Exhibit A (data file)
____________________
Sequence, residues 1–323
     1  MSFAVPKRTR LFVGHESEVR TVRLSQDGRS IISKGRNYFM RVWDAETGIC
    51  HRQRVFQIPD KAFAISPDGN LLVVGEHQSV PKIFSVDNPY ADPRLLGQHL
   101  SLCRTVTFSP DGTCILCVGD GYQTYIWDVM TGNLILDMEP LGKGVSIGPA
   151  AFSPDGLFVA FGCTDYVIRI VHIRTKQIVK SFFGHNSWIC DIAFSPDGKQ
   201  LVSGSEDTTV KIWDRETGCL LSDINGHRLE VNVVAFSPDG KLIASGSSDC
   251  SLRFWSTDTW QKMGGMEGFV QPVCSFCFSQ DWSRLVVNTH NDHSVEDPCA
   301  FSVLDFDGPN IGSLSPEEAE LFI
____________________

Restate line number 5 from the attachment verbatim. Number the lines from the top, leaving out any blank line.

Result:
   151  AFSPDGLFVA FGCTDYVIRI VHIRTKQIVK SFFGHNSWIC DIAFSPDGKQ